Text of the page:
Session Title: Rheumamtoid Arthritis - Human Etiology and Pathogenesis
Session Type: Abstract Submissions (ACR)
Background/Purpose: Smoking is a major risk factor for rheumatoid arthritis (RA) and has been associated with increased disease severity and lower rates disease remission. We hypothesized that levels of disease activity would be associated with smoking status and this would be related to levels of anti-citrullinated protein antibodies (ACPA) and/or serum cytokines.
Methods: The Veterans Affairs RA (VARA) registry was initiated in 2003 with routine collection of clinical demographics including disease activity score (DAS28) as well as baseline serum sampling. 1468 veterans with RA were included in the current study (76.9% anti-CCP2+, 90.7% male, mean age median age 63 (IQR 57-72), Median disease duration 8.45 years (IQR 2.8-18). Baseline serum samples were evaluated for levels of 19 distinct ACPA and 17 cytokines using the BioPlex platform on the Luminex 200 instrument. Smoking status was recorded as current, former, or never smokers. We evaluated the association of smoking status with disease activity (DAS28) by ANOVA and with levels of ACPA and cytokines using significance analysis of microarray (SAM) and output sorted based on false discovery rates (FRDs) in order to identify cytokines or autoantibodies with the greatest difference between different categories of smoking status.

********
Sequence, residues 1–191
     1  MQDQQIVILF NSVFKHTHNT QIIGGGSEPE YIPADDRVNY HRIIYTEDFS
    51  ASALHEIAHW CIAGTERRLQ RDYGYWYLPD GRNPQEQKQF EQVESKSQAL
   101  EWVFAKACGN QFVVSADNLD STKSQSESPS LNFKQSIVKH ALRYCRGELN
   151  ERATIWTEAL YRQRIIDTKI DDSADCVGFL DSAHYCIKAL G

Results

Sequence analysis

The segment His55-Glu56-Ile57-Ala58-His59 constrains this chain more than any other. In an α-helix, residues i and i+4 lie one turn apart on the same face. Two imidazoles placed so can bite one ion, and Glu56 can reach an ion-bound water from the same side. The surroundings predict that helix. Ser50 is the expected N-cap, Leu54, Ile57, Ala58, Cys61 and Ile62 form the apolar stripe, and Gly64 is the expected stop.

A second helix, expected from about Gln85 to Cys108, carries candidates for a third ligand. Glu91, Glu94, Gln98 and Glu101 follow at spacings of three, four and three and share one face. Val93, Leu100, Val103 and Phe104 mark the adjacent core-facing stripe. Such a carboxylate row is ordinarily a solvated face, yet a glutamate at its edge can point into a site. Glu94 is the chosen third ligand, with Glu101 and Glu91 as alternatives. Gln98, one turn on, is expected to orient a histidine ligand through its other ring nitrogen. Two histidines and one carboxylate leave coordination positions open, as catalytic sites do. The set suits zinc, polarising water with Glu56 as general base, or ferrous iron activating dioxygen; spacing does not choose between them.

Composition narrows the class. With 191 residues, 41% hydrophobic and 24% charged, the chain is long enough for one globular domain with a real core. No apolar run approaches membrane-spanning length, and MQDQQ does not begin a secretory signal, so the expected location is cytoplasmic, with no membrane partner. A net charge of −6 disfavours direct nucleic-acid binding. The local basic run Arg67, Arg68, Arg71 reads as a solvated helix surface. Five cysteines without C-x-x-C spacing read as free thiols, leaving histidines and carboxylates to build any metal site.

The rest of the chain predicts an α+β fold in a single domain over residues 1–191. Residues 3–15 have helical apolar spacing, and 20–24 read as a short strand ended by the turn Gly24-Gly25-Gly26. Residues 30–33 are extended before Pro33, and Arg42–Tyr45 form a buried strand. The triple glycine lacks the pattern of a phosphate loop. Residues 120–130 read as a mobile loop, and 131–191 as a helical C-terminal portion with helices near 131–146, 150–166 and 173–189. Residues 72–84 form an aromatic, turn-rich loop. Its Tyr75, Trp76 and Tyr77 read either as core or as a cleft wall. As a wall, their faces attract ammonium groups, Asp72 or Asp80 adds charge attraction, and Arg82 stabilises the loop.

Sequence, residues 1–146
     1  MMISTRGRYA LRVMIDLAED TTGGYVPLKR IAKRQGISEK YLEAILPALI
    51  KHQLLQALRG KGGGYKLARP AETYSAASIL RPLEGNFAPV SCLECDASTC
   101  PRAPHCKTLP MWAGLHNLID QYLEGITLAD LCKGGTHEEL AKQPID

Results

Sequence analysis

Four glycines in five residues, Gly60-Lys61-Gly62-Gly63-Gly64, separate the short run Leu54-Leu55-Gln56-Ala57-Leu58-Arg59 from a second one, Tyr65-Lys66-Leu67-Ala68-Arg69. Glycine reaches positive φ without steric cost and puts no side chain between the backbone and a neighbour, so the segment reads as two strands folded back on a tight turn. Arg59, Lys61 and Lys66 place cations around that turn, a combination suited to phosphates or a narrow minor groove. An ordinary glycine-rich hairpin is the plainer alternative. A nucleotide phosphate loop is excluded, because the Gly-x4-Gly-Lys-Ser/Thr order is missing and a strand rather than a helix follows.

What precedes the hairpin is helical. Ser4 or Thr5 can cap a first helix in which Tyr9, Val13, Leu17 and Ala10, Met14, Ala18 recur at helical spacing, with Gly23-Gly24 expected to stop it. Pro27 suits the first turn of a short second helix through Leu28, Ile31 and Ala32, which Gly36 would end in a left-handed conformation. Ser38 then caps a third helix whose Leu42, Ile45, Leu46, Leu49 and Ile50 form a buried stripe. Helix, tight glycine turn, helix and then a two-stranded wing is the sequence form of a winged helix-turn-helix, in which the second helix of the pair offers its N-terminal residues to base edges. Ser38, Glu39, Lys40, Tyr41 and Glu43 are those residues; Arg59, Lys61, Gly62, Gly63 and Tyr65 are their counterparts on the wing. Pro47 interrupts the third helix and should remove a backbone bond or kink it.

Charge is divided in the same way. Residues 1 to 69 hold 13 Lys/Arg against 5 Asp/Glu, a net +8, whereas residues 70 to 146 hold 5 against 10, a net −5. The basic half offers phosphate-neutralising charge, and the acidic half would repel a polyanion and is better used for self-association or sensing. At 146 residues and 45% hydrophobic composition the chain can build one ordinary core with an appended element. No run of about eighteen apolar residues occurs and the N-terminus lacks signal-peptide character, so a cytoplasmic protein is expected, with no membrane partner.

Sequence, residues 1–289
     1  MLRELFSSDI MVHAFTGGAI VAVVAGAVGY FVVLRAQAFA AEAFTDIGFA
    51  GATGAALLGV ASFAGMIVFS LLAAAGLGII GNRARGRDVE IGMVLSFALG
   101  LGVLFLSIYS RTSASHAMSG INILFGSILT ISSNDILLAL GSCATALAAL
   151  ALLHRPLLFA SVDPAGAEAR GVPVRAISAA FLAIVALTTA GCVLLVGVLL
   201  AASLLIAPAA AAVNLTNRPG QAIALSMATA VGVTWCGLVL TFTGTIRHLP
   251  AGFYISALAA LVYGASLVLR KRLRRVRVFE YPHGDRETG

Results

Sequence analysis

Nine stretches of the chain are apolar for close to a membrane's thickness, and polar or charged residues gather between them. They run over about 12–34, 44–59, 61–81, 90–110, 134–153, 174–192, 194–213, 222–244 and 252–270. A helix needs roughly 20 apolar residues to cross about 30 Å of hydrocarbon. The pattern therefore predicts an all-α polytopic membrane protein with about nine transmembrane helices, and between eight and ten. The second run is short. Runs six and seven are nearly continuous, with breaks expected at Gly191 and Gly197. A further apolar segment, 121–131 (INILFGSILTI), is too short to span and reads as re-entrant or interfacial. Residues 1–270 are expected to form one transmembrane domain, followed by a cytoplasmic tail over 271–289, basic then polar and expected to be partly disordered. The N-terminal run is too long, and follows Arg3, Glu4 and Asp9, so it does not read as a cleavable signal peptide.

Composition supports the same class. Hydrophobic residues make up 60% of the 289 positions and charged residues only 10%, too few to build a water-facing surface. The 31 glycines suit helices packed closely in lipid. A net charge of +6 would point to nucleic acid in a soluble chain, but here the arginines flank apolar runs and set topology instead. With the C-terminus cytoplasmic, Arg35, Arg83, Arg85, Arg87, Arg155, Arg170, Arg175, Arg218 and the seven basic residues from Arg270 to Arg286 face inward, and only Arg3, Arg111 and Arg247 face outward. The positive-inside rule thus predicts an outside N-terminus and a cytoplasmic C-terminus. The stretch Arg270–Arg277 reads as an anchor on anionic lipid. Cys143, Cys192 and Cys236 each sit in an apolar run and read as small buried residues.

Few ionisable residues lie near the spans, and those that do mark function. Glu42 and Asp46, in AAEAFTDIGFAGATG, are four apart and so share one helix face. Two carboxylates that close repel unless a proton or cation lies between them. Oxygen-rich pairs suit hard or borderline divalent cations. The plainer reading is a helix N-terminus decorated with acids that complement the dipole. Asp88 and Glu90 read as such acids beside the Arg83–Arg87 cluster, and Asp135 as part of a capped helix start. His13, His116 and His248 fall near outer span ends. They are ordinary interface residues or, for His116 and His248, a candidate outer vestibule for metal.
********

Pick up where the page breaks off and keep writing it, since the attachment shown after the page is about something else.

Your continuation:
Results: RA disease activity was significantly higher among current compared with former or never smokers (P<0.01). Among anti-CCP2 positive patients, levels of several cytokines associated with RA pathogenesis including TNFα, IL-17, IFNγ, GM-CSF, MCP-1, IL-2, and IL-7 were found to be significantly higher among current smokers compared with both former and non-smokers (FDR (q-value) <0.1%). Cytokine levels were similar between former and never smokers. Notably, levels of many ACPA were higher among current compared with never smokers, but similar between current and former smokers. Though number of subjects was smaller, the effect of smoking status on cytokine profile was not observed in the anti-CCP2 negative population.
Conclusion: Among anti-CCP2 positive RA patients, current smoking status is strongly associated with increased RA disease activity as well as elevation in several serum cytokines. This effect does not seem to be related to level of ACPA. The observation that higher levels of DAS28 and serum cytokines was only seen in current, and not former, smokers suggests that the effect of smoking may be minimized by smoking cessation. The effect of smoking cessation on RA disease activity should be evaluated in a prospective manner and multiplex cytokine profiling may provide a surrogate endpoint for efficacy of this intervention.
G. M. Thiele,
G. S. Kerr,
G. W. Cannon,
A. M. Reimold,
T. R. Mikuls,
W. H. Robinson,
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ACR Meeting Abstracts - https://acrabstracts.org/abstract/smoking-status-is-associated-with-inflammatory-cytokine-profile-and-disease-activity-in-anti-citrullinated-protein-antibody-positive-rheumatoid-arthritis-decreased-inflammation-and-disease-improvemen/